GEORGETOWN — There’s good reason why Georgetown’s Chris Paquette and David Ingraham wear their varsity wrestling pins with such pride — they have two more than anyone else.
In 2007, Paquette and Ingraham were a couple of seventh-graders heading toward a winter of discontent. Not entirely smitten with the idea of playing basketball, and because Georgetown is without a hockey program, Ingraham took his father’s advice and joined Mike Curley’s cooperative wrestling team, his introduction to the sport.
“At the first practice, I realized that I was the only young guy there,” said Ingraham, who quickly managed to convince Paquette into joining. “About two weeks into it he joined the team. That was the basis for how we started.”
Six years later, and these once Royal greenhorns are now a pair of fully fledged senior captains who, along with junior Matt Prescott (out with a knee injury suffered during football), are the last remnants of a time when seventh-graders were allowed to join varsity programs at Georgetown.
In accordance with the Georgetown Middle/High School Student Athlete/Parent Handbook, only eighth-graders with a waiver approved by the School Committee will be allowed to join the wrestling team, granted that the minimum roster requirement has not been filled — no middle school student can displace a high school student.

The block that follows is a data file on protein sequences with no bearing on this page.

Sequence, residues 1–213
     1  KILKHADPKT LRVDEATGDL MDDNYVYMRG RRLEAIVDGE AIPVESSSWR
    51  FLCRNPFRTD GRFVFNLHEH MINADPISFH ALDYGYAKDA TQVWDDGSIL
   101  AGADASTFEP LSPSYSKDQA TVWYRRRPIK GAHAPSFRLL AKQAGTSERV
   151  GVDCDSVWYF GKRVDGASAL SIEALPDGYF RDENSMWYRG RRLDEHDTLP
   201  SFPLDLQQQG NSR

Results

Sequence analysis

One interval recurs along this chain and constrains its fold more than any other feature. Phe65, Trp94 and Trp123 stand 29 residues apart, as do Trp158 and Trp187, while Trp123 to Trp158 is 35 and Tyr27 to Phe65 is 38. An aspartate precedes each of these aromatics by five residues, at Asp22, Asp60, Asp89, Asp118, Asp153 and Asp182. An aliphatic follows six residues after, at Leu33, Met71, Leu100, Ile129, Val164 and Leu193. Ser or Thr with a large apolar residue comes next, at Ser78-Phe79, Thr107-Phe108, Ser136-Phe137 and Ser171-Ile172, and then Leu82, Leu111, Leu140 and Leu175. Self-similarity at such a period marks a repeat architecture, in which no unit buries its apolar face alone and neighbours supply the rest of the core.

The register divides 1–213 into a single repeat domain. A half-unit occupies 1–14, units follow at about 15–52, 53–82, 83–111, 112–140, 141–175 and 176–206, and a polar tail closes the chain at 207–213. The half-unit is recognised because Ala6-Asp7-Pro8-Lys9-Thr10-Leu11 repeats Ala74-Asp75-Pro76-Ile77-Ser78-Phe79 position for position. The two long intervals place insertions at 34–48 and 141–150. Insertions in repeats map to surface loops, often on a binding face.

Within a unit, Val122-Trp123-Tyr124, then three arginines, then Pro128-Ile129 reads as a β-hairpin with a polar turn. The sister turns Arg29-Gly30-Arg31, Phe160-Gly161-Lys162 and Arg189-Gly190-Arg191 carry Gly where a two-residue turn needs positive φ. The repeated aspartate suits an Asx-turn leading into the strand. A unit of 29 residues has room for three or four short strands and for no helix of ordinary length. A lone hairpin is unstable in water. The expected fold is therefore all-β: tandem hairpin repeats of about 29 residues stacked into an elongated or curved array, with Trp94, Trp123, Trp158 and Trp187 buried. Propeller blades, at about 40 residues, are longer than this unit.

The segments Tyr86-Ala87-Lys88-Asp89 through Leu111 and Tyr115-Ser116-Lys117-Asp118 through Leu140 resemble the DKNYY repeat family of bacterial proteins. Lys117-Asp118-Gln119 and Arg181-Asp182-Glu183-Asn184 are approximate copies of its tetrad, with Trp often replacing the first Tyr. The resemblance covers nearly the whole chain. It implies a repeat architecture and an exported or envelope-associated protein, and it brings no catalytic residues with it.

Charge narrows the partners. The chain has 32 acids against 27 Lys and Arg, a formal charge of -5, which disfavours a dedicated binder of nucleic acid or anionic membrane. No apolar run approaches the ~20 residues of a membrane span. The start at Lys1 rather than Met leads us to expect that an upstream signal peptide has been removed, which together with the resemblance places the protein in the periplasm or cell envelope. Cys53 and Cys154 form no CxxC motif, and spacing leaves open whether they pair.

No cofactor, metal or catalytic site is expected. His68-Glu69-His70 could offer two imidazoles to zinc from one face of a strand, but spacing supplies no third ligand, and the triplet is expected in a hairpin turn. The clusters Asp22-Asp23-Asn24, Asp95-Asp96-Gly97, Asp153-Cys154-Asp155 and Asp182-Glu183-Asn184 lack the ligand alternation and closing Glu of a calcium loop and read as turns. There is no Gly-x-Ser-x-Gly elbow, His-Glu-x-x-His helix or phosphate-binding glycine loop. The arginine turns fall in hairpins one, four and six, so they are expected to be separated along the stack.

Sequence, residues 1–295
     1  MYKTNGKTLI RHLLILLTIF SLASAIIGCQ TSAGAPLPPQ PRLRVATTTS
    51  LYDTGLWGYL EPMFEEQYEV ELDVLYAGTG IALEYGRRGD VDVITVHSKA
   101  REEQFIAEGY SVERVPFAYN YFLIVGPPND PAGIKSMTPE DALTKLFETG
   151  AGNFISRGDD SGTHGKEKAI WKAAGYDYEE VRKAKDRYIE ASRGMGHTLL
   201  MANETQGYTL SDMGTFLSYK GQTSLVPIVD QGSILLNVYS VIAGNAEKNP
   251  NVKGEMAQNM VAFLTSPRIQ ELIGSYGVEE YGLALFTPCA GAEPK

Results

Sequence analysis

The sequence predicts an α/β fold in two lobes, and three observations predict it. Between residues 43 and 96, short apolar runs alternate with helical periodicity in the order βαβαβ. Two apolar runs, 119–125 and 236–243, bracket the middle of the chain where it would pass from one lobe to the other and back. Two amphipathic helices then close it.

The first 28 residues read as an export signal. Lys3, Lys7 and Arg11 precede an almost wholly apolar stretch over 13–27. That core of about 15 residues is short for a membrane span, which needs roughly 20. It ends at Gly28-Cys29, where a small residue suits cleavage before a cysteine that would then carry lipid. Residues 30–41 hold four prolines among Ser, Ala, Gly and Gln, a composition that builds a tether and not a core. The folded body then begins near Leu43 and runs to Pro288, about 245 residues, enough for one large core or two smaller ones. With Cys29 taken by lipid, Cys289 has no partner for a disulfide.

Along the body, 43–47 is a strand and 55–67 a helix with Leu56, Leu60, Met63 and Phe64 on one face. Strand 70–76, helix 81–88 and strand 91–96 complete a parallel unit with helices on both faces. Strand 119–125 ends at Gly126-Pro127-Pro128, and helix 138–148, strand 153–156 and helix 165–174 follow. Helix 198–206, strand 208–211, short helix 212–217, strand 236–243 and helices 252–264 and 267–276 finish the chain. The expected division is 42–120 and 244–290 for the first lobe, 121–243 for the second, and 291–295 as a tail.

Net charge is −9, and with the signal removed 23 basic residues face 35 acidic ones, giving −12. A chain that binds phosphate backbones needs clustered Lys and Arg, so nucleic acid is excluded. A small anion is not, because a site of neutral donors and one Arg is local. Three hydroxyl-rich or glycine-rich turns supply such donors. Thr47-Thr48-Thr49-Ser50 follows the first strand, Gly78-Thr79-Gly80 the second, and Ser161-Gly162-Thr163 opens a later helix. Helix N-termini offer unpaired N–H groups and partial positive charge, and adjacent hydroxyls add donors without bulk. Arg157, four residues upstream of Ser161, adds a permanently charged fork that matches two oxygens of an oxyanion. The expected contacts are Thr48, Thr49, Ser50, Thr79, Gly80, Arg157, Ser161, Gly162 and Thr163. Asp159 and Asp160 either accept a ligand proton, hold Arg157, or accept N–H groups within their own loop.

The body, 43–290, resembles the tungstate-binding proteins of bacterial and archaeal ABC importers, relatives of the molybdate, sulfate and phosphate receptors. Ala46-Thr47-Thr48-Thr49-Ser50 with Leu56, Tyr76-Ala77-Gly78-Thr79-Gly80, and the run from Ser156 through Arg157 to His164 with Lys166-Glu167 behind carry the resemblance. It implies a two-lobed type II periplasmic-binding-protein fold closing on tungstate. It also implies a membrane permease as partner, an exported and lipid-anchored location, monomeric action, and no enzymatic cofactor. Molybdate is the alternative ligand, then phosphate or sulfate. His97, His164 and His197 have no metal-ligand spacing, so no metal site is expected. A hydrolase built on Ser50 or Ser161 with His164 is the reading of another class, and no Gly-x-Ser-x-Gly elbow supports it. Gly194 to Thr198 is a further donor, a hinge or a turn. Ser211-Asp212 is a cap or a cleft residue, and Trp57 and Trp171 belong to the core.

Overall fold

When 132-pound Ingraham and 152-pound Paquette were a duo of 103-pound seventh-graders, neither athlete saw more than just a scrap of legitimate varsity action, Ingraham with one match and Paquette with three, numbers that scarcely grew when they hit the eighth grade.
Curley understands that while a middle-school athlete shouldn’t be given the same expectations of a high-school athlete, it’s hard to deny the importance of those early, formative school years when technique-building can become such a boon for their high school career.
“It wouldn’t be wise to have them wrestling up with high-schoolers, because there is a big difference in the age and maturity gap, a huge jump,” said Curley. “But it’s great because you’re not thrusting these kids into these huge and meaningful matches. They’re getting that extra year of drilling and learning moves, of getting adjusted to the sport’s culture.
“It really depends on the maturity level of the kid. At the seventh-grade level, you’d like for them to start training, but competing at the high school level might be asking a little too much,” said Curley, who referenced recent Royal alum Dean Nemeroff, another six-year wrestler who capped off his career with a state championship.
“With those three guys — Dave, Chris and Matt — you were able to see right away that they were physically and mentally capable, that they loved the sport, and they loved being in the room, drilling and training.”
For these two senior captains, experience is everything, and their first order of business is carrying on the tradition of Royal leadership.
“Now that I’m a senior, it allows me to look back at all of the captains before me. I can take their best traits and then share them with the underclassmen on this team,” said Paquette, who’s looking to have a huge final season after missing the vast majority of last season with a pair of ankle injuries.